The sets are overrun with character actors, each with a few lines here and there. But all these actors are memorable; they all get a moment of great dialogue and they all become real. The wretched city of Casablanca is a character too, recreated modestly on the Warner backlot but teeming with “scum and villainy” (George Lucas would use Casablanca as the inspiration for his Mos Eisley spaceport 35 years later).
I’ve directed a picture or two in my life, and the introduction of the city of Casablanca as the setting for this morality play is jaw-dropping. Director Michael Curtiz establishes a pesthole packed with desperate humans in just a moment. It’s a hot, uncomfortable place overrun with predators and prey. Inside Rick’s the camera dollies in, dollies out, and the shots are static when they need to be, or close, or distant, each one perfect from a director who was always good and here, never better.
Oh, the dialogue. Ilsa comes back into Rick’s life after dumping him and she’s on the arm of a larger-than-life hero. What does Rick do? Late at night we find him inside his closed bar, drinking, alone, in the dark. Ilsa has walked back into his world and ripped the scab, a scab still fresh, right off of his soul. Sam comes in and finds Rick and knows what his boss is going through. Sam knows all about Rick and Ilsa—he was with Rick in the rain for the dumping. It’s clear that Sam is scared and worried.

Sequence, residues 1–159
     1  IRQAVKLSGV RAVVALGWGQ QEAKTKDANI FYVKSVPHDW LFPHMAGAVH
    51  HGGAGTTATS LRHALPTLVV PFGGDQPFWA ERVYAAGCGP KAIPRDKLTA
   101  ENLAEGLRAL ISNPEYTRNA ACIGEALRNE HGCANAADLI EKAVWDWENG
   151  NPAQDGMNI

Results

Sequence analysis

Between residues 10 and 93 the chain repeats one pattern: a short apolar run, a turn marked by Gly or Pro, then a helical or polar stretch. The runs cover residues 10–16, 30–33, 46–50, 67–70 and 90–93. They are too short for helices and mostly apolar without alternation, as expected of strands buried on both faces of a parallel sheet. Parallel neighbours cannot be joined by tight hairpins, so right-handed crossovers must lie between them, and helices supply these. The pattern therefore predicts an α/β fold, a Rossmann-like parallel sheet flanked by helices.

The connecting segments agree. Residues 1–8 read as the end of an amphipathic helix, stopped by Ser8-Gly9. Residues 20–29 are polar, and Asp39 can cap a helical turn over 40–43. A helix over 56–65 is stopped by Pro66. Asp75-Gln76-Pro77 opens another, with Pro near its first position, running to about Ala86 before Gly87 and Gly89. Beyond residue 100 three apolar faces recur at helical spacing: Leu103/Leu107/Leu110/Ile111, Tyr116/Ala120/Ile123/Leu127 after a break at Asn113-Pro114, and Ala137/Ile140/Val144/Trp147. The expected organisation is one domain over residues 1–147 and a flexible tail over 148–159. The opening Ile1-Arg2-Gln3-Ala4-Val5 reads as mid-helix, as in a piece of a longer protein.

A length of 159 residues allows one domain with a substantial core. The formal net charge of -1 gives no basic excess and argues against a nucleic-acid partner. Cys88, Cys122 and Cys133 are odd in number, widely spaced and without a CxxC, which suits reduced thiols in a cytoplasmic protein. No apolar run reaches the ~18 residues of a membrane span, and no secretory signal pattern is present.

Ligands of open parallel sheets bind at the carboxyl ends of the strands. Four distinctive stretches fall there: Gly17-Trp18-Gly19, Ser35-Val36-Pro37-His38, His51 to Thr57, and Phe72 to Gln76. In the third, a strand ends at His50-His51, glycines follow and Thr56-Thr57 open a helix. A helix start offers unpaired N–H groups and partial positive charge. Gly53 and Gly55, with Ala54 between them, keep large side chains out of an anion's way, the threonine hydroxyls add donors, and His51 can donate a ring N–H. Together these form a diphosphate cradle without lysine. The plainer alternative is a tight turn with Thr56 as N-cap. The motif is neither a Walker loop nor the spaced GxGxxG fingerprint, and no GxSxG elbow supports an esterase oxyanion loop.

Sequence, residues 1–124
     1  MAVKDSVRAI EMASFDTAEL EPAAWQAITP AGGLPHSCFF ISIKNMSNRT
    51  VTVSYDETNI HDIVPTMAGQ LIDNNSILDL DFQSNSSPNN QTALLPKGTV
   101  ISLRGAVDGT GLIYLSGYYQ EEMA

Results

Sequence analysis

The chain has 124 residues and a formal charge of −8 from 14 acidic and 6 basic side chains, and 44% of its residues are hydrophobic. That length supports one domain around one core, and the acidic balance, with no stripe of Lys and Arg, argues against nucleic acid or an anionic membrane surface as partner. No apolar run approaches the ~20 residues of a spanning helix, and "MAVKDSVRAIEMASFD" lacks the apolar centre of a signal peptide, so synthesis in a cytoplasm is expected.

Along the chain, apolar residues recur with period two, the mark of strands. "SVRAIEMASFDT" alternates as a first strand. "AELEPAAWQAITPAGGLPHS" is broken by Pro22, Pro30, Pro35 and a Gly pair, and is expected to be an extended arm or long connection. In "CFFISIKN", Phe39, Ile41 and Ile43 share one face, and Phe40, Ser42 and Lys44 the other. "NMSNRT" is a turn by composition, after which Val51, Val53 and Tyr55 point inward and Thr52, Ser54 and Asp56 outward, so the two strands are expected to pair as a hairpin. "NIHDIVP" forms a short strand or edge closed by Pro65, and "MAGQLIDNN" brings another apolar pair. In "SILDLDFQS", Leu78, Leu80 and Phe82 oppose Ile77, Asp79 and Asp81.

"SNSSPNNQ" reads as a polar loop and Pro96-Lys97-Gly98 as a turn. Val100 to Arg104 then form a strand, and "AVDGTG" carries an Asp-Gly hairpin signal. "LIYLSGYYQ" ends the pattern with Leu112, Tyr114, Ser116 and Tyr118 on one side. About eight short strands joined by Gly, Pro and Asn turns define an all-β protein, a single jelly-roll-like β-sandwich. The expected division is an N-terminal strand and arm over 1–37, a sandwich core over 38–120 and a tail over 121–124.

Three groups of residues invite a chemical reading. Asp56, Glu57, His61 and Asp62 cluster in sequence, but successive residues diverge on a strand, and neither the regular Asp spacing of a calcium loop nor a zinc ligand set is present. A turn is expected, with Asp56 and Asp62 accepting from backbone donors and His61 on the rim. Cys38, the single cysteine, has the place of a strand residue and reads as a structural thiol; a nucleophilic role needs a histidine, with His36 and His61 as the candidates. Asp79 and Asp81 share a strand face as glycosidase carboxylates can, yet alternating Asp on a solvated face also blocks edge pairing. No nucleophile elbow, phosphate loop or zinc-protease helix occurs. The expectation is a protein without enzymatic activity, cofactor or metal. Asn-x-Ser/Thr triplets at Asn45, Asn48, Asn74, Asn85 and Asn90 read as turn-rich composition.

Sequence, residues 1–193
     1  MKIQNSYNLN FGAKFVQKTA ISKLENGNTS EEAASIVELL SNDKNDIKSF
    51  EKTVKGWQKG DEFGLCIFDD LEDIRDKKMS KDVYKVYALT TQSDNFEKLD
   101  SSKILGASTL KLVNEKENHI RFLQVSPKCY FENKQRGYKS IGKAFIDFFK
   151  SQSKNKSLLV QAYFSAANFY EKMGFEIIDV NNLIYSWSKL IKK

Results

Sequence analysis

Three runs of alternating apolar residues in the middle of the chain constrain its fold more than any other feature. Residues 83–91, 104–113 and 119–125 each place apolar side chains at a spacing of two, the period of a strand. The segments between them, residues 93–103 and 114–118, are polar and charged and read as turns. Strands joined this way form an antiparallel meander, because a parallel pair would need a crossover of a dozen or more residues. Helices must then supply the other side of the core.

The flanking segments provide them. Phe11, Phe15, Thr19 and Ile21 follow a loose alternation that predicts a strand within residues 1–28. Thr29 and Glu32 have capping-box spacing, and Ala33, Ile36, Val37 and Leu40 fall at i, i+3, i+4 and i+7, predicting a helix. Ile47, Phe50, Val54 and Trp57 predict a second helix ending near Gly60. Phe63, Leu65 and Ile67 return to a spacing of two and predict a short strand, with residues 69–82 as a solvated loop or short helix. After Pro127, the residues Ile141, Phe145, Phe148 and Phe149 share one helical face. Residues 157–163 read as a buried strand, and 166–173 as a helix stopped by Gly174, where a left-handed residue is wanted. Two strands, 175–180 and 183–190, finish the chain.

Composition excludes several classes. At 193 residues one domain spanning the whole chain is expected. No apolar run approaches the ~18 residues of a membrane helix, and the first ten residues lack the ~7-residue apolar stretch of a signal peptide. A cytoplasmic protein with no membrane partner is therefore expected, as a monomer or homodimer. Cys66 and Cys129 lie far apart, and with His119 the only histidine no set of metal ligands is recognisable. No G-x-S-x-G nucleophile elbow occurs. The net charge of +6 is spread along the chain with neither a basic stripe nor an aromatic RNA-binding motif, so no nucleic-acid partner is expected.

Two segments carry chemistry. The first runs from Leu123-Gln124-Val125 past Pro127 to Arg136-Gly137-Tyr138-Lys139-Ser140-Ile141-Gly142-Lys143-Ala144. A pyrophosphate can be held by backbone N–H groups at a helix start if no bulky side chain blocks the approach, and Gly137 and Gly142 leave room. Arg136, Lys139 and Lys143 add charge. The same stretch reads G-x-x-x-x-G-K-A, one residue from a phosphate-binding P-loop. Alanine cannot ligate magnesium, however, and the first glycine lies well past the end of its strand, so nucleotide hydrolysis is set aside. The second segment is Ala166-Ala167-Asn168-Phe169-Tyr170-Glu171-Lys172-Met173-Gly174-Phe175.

“Boss, ain’t you going to bed?” he asks.
“Not right now,” grumbles Rick into his glass.
“Ain’t you planning on going to bed in the near future?”
“You ever planning on going to bed?”
“Good,” says Sam. “I ain’t sleepy either.”
African Americans at this time were, as a rule, used for comic relief, but Sam is a friend, an equal, and a character deeply drawn. But they all are in this picture. Well, except for Major Strasser, the hard-core Nazi and the guy we love to hate.
I wish Bonham’s and the consignors well in Monday’s auction. We will see soon enough if bidders are willing to shell out tens and hundreds of thousands of dollars for this hodgepodge of props, costumes, scripts, documents, and movie posters connected with classic film. I wonder if the letters of transit have expired—they might come in handy someday and one of them is for sale in this auction, at an estimated $100–150K. One thing seems clear—Casablanca has stood the test of time as well as any picture from the Golden Era, and shows no signs of slowing down. Because it is still so popular, I wouldn’t be surprised to find Sam’s piano on display at a Vegas casino sometime soon.